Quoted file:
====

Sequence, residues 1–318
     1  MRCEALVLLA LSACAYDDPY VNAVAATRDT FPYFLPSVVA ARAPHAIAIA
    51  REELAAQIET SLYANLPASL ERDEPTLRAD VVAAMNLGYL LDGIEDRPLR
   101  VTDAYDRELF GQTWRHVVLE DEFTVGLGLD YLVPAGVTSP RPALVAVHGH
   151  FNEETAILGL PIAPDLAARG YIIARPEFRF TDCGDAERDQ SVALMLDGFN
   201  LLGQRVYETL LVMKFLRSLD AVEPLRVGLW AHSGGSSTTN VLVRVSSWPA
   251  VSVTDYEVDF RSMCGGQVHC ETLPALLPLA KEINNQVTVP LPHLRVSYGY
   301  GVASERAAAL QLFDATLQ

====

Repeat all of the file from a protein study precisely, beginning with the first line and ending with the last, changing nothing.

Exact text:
Sequence, residues 1–318
     1  MRCEALVLLA LSACAYDDPY VNAVAATRDT FPYFLPSVVA ARAPHAIAIA
    51  REELAAQIET SLYANLPASL ERDEPTLRAD VVAAMNLGYL LDGIEDRPLR
   101  VTDAYDRELF GQTWRHVVLE DEFTVGLGLD YLVPAGVTSP RPALVAVHGH
   151  FNEETAILGL PIAPDLAARG YIIARPEFRF TDCGDAERDQ SVALMLDGFN
   201  LLGQRVYETL LVMKFLRSLD AVEPLRVGLW AHSGGSSTTN VLVRVSSWPA
   251  VSVTDYEVDF RSMCGGQVHC ETLPALLPLA KEINNQVTVP LPHLRVSYGY
   301  GVASERAAAL QLFDATLQ